In Chinese medical theory, menopausal hot flashes are considered to be an imbalance in the yin and yang of the body. Yin is the substance of the body such as the tissues, fluids and blood. Yang is the energy of the body and the functioning of all the organ systems. Yin is cool and moist while yang is warm and dry. As practitioners of Chinese medicine, we attempt to balance these two forces to maintain the health of our patients. As women age and hormonal levels drop, this usually is diagnosed as a decrease of yin. This leaves a relative excess of yang. It's not that there is too much yang, but the amount of yin has decreased relative to the amount of yang. So, at times, this relative excess of yang exhibits itself as a burst of heat, usually felt as a wave of energy and heat in the body. The chills that postmenopausal women can also experience are diagnosed as a yang deficiency. Simultaneous yin and yang deficiencies can exist, with women experiencing waves of heat and then waves of chills which correlates with the narrowed thermoneutral zone that Freedman studied. There can be other Chinese medical diagnoses for hot flashes but usually there is some degree of yin deficiency.
Thankfully, there are many treatment options for hot flashes. Lifestyle modifications are extremely important including a good diet full of vegetables and healthy protein as well as limiting sugar, caffeine and alcohol. Smoking cigarettes is not a good idea. Regular exercise and reducing stress is also important. And staying well-hydrated is crucial. However, sometimes a good lifestyle is not enough.
Auricular (ear) acupuncture offers a unique treatment option. The ear (the outer part, not the ear canal) is a microsystem of the entire body, meaning that the ear has representative areas for all body parts, including the brain. In fact, auricular acupuncture is very effective at calming the nervous system and switching people out of the fight or flight (sympathetic) aspect of the autonomic nervous system and into the rest and digest (parasympathetic) aspect. It can be used in many instances where a calming effect is desired including insomnia, anxiety, stress, inflammation, pain disorders and hot flashes. There is an acupuncture point in the ear that corresponds to the hypothalamus, which we now know is very confused in women with hot flashes. Other supporting auricular points are used in combination with the hypothalamus point to create a more relaxed nervous system. Using auricular points in combination with body acupuncture points creates balance in the body's nervous system and deep relaxation. Studies have shown that acupuncture is beneficial to reduce the number of hot flashes and I have certainly seen this to be true. (6)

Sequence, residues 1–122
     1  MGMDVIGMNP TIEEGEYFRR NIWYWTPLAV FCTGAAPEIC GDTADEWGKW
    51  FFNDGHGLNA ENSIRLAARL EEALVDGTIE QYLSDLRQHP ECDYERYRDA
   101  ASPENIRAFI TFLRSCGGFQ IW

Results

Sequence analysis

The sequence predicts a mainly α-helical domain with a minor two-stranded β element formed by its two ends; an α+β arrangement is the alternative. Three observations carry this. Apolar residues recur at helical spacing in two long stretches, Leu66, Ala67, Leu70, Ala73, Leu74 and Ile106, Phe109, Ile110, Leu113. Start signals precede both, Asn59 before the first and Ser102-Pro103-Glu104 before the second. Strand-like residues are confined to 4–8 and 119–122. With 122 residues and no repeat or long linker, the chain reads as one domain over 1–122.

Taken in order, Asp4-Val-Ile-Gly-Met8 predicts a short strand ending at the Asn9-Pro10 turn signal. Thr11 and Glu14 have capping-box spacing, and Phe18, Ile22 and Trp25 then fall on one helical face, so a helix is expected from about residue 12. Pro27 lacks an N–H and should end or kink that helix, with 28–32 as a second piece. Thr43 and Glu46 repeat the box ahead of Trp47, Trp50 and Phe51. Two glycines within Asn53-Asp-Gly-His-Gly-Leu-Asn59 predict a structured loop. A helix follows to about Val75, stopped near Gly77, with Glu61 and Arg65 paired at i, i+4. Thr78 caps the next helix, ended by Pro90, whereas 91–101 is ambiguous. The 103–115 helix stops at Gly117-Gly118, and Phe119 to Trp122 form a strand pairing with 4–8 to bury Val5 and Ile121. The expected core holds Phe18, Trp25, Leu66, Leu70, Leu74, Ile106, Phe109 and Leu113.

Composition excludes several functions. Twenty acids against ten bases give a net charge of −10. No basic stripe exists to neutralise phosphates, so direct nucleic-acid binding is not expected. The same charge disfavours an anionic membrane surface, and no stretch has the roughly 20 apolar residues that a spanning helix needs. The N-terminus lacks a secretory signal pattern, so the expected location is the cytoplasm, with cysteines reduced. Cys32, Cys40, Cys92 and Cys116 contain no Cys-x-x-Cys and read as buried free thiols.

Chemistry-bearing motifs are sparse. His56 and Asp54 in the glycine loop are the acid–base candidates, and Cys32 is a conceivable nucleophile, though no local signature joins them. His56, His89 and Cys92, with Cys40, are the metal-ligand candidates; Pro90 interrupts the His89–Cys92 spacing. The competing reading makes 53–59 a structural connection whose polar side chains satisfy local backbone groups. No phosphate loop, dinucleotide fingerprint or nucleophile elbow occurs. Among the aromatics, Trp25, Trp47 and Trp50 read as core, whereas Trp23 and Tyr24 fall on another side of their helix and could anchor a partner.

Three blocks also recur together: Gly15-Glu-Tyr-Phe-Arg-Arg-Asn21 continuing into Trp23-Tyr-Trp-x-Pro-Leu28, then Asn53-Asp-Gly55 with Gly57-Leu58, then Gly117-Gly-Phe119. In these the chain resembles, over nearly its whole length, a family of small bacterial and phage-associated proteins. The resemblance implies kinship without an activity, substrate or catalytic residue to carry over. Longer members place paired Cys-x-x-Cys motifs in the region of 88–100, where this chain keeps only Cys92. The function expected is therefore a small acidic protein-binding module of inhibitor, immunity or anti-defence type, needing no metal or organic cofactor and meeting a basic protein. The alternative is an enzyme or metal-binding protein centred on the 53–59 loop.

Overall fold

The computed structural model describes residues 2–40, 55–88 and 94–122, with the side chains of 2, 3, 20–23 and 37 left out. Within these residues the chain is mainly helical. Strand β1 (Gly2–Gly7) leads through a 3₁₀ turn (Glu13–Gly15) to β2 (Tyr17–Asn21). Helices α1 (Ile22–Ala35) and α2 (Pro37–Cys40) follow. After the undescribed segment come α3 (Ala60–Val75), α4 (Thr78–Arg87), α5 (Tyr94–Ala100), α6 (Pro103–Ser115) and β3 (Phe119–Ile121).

Chinese herbal medicine is very effective at relieving hot flashes. The treatment is based on calming the rising yang and nourishing the depleted yin and yang. Yes, yang energy can be both deficient and rising in the body when it is not balanced. It is more difficult to increase yin and yang in the body with acupuncture and this is where herbal medicine has the advantage. There are wonderful Chinese herbal formulas that cool the unbalanced yang and nourish the depleted yin to achieve greater balance in the body. Chinese herbal medicine can help with almost all the discomforts of menopause. The beauty of Chinese herbal medicine is that it is a very individualized approach, taking the person's entire mental, physical and emotional picture into consideration and creating a synergistic blend of herbs specifically for that person at that time. The herbal formulas have been used and documented for thousands of years and the herbs that I use are routinely tested and found to be free of pesticides or other contaminates. The formula Zhi Bai Di Huang is often a good place to start. It has yin nourishing herbs along with herbs that cool yin-deficient heat. Some of the herbs in the formula have an astringent function which helps with sweating. It is a beautifully well-balanced formula and is appropriate in many cases.
There are also phytoestrogen therapies that can help to relieve hot flashes. Phytoestrogens are plant-based substances that are structurally similar to estrogen and bind to estrogen receptors in the body. The main phytoestrogen groups are flavonoids, lignans, coumestans and stilbenes and are present in foods such as soybeans, grains, fruits and vegetables. Many studies have focused on isoflavones, which are a subgroup of the flavonoids, and are present in soybeans. Isoflavones have been studied extensively because Asian women, who traditionally consume a soy-rich diet, have a lower risk of breast cancer, heart disease and experience less hot flashes than American women. Up to 80% of North American and European women experience hot flashes while only 20% of Asian women have problems with hot flashes. It is thought that the higher consumption of soy in Asian diets is responsible for the difference. Studies also show that women who consume soy in their diets as children and adolescents have fewer problems with hot flashes later in life than women who only start to consume soy foods as adults. (7) While there is some evidence that phytoestrogens are protective, there is no clear consensus when breast cancer is a concern.